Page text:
It is a well-known fact that dogs don’t just roll over and play fetch. With their enhanced sense of smell, working dogs help people in a variety of professional capacities, including aiding in search-and-rescue, finding illegal substances, and detecting bombs.

Now, trained canines can even help sniff out the coronavirus and its variants, according to Bio-Detection K9 (BDK9), a company based in Columbus, Ohio, that has developed proprietary techniques for training dogs to detect SARS-CoV2 at 97% to 99% accuracy levels. BDK9 has been using dogs to detect viruses, bacteria, and fungus for over a decade in partnership with the U.S. Department of Agriculture and other government agencies. 

Developed by William Schneider, PhD, chief research scientist for BDK9, these new training aids teach dogs to directly detect the coronavirus itself—not the host response generated by sick human beings. Using technology to elevate canine scent-detection thresholds, BDK9 teams can detect extremely subtle amounts of viral antigens that infected individuals shed through their skin. By simply sniffing a hand, the sensitive nostrils of a trained dog can indicate the presence of the COVID-19 virus within a matter of seconds, according to the company, offering an additional layer of screening protocol.

“We understood the severity of this new [delta] strain of COVID-19, so we came together to ensure we could detect it,” says Jerry Johnson, BDK9 president. “As new threats emerge, we will stay at the forefront of scientific research and training protocols and continue to prepare our dogs to offer a more effective service to the public.”

The approach used to create the initial training aid focused on the original alpha variant of COVID-19. Fortunately, that same approach can be used to rapidly generate training aids that represent other SARS-CoV2 variants.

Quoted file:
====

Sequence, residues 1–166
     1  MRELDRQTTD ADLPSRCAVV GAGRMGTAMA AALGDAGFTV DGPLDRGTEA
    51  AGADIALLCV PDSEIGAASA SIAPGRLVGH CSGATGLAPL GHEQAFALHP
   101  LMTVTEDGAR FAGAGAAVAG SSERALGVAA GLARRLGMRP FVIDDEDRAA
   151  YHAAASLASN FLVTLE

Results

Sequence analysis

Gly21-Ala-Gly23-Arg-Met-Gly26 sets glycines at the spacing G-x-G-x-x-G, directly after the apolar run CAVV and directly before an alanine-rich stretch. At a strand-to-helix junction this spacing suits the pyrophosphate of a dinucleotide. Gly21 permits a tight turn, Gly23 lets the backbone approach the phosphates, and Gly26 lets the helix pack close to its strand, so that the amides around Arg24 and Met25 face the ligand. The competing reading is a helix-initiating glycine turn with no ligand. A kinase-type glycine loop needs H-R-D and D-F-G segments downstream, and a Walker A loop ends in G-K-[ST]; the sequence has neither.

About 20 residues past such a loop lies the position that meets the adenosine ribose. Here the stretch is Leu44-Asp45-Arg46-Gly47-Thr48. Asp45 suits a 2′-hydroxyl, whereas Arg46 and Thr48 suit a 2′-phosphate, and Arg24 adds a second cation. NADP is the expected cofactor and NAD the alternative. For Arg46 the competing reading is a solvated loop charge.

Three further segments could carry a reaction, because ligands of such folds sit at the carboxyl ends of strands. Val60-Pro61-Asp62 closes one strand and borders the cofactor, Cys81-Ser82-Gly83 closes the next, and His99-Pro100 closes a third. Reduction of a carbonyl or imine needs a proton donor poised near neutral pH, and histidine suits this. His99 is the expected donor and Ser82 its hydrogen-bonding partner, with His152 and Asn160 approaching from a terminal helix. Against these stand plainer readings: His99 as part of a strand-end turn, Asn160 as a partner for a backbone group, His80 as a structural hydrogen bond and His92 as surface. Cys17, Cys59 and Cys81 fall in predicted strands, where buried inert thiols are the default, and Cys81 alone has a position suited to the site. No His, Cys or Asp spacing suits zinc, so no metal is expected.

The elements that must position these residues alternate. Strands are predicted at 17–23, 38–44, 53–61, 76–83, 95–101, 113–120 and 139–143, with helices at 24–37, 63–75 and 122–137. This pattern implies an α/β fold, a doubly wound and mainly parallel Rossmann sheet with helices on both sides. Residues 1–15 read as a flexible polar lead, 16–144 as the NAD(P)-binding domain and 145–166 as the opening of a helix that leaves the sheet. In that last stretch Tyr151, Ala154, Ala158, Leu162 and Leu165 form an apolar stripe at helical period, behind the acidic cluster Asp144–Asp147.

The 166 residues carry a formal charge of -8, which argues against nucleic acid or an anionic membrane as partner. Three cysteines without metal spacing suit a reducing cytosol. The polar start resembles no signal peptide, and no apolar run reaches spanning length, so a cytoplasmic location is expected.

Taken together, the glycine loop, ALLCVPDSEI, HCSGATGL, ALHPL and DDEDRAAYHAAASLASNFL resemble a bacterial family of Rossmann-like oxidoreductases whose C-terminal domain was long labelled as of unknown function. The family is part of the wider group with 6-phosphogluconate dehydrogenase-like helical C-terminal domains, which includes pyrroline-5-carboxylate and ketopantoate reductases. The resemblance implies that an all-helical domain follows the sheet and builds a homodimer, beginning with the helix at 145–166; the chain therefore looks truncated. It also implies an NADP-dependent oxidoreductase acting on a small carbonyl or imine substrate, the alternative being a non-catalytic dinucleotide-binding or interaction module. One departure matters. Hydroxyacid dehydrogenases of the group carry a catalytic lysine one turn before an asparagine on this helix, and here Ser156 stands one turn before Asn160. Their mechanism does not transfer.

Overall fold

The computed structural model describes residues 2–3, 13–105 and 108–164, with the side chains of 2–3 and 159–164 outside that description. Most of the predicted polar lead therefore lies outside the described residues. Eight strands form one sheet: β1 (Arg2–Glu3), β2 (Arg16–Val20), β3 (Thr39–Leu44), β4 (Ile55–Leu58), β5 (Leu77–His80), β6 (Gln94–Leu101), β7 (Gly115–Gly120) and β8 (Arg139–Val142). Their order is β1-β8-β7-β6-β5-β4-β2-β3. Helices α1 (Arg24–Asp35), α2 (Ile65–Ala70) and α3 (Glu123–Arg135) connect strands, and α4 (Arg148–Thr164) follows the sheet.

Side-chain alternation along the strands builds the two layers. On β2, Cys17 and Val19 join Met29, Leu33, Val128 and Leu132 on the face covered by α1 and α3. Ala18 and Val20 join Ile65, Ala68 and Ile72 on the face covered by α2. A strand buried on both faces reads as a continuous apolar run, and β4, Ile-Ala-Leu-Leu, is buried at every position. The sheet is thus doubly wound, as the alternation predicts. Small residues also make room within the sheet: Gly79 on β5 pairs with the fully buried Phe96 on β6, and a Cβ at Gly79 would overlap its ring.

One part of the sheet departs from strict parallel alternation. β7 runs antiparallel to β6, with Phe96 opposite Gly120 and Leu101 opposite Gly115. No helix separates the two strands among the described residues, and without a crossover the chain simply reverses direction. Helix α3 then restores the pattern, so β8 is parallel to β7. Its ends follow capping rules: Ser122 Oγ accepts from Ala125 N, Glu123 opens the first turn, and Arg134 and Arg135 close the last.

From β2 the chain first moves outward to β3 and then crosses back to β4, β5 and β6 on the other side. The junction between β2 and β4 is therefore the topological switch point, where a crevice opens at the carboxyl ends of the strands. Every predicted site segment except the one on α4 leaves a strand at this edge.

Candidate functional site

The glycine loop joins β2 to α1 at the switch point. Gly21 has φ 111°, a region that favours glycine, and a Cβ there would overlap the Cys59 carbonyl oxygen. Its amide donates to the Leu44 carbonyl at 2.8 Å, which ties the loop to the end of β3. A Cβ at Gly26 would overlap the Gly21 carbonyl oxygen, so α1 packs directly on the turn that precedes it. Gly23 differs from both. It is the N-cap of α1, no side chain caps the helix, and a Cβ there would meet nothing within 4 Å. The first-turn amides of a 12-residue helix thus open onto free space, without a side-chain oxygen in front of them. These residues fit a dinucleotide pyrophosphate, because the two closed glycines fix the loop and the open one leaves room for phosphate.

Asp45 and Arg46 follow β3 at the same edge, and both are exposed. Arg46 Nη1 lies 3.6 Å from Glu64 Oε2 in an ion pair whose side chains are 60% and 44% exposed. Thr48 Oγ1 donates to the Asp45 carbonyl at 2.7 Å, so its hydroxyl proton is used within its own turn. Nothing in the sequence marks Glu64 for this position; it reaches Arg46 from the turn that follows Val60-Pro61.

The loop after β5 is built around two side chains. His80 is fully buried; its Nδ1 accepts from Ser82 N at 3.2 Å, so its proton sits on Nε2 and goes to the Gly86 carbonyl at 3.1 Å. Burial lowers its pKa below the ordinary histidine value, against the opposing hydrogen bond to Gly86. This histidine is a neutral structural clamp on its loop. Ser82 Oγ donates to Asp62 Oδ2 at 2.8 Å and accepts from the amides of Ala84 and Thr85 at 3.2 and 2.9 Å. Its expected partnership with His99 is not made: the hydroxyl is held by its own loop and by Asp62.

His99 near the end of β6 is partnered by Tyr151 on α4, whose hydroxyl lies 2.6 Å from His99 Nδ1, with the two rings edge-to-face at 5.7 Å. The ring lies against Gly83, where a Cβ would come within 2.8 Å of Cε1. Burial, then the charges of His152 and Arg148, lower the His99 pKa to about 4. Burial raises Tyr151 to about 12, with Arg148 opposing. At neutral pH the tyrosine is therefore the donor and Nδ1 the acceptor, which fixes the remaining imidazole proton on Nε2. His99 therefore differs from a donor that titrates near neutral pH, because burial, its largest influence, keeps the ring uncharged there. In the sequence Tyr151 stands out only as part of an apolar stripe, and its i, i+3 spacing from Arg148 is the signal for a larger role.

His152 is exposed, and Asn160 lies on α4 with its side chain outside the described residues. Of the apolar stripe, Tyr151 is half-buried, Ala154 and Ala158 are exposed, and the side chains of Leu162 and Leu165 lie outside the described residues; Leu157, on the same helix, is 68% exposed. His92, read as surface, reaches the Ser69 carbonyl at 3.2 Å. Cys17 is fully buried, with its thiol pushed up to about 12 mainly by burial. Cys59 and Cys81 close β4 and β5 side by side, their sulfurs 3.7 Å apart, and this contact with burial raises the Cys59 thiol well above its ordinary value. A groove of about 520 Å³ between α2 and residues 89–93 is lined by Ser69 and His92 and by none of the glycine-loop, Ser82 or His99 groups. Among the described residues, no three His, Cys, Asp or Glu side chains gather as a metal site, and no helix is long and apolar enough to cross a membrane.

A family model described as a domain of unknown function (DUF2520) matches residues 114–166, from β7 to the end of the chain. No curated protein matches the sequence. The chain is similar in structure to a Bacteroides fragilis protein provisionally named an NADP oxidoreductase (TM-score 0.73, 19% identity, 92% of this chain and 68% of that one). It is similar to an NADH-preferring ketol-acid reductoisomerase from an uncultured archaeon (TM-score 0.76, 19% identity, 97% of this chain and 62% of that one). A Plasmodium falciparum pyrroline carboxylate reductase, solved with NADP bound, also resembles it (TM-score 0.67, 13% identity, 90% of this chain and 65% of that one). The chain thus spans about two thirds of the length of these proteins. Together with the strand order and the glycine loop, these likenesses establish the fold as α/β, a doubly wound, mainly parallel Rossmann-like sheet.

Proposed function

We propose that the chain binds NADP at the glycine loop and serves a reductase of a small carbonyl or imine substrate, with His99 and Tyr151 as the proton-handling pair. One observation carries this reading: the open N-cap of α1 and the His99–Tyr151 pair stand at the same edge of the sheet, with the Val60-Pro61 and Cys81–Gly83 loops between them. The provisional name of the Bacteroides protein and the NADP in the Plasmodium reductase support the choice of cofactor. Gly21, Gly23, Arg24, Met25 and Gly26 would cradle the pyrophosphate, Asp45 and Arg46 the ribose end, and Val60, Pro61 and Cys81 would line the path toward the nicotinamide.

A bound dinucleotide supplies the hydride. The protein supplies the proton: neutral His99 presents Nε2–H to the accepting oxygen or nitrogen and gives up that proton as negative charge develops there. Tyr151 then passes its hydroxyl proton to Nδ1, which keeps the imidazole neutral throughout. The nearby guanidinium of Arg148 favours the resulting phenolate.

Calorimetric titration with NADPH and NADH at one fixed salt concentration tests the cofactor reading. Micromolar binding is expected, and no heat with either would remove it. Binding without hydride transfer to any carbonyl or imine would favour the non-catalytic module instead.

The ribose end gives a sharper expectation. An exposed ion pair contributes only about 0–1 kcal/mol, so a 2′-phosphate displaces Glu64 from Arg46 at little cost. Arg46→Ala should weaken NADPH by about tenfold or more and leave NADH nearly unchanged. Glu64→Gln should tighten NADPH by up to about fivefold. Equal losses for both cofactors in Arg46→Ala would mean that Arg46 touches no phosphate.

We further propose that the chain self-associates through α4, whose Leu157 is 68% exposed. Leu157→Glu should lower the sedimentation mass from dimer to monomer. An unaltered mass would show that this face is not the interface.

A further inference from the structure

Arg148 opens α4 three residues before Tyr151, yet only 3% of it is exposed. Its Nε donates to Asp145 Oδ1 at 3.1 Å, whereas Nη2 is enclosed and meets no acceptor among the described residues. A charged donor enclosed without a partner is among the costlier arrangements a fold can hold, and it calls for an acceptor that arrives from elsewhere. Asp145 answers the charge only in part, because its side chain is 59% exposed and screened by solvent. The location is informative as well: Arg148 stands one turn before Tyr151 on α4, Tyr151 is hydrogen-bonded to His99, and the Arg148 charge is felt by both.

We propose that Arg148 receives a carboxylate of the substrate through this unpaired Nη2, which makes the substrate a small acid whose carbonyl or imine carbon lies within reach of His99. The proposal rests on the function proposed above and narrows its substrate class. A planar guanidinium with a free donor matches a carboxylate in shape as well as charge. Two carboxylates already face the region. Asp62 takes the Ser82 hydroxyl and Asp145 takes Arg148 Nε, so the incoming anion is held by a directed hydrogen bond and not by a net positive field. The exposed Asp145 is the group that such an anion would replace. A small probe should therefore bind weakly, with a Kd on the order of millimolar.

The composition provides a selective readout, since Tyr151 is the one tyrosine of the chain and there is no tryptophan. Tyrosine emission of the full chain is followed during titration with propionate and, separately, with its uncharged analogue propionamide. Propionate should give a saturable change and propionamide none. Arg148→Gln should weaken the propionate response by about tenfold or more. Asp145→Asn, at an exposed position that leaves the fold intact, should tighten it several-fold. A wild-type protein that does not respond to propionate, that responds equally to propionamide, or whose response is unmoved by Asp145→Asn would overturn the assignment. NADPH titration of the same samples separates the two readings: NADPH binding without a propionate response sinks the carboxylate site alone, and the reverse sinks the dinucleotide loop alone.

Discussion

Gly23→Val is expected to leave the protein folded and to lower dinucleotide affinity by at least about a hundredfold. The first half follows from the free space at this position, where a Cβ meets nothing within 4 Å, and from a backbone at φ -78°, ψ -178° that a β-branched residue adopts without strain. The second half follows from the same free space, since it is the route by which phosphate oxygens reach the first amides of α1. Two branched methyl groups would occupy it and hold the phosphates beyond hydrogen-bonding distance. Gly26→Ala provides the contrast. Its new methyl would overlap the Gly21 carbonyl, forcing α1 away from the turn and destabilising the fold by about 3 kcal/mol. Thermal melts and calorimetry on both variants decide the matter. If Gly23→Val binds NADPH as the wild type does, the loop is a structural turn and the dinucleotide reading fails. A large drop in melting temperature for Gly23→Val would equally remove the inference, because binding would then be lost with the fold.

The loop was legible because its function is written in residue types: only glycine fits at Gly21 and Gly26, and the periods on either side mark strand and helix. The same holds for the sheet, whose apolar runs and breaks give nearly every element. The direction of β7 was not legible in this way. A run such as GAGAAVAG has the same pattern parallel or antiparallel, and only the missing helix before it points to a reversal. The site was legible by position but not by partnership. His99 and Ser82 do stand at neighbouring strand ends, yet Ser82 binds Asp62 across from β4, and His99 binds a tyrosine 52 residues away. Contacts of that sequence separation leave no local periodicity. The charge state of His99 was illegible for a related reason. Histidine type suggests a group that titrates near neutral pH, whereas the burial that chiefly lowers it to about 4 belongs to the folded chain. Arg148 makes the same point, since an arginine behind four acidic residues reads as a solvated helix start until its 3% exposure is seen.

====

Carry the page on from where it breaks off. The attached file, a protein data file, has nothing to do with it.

“All of the SARS-CoV2 variants are significant in terms of their changed biology,” Schneider says. “But in terms of genetics, all of the variants are very closely related. We’re very confident that the scent profiles of the variants, which is how the dogs detect the virus, will be nearly identical. Still, because of the prevalence and risk associated with the new variants, it was critical for us to test the ability of our dogs to find all variants.”

Schneider anticipates more variants before the pandemic is controlled or eliminated, which is why BDK9 is in the process of synthesizing training aids that represent the beta, gamma, and delta variants. 

“We anticipate testing our dogs’ capacity to detect all of these variants by the end of the month,” Schneider says.

The company plans to channel efforts toward deploying COVID-detecting trained dogs around the world, aiding the general population in resuming social and sporting events safely.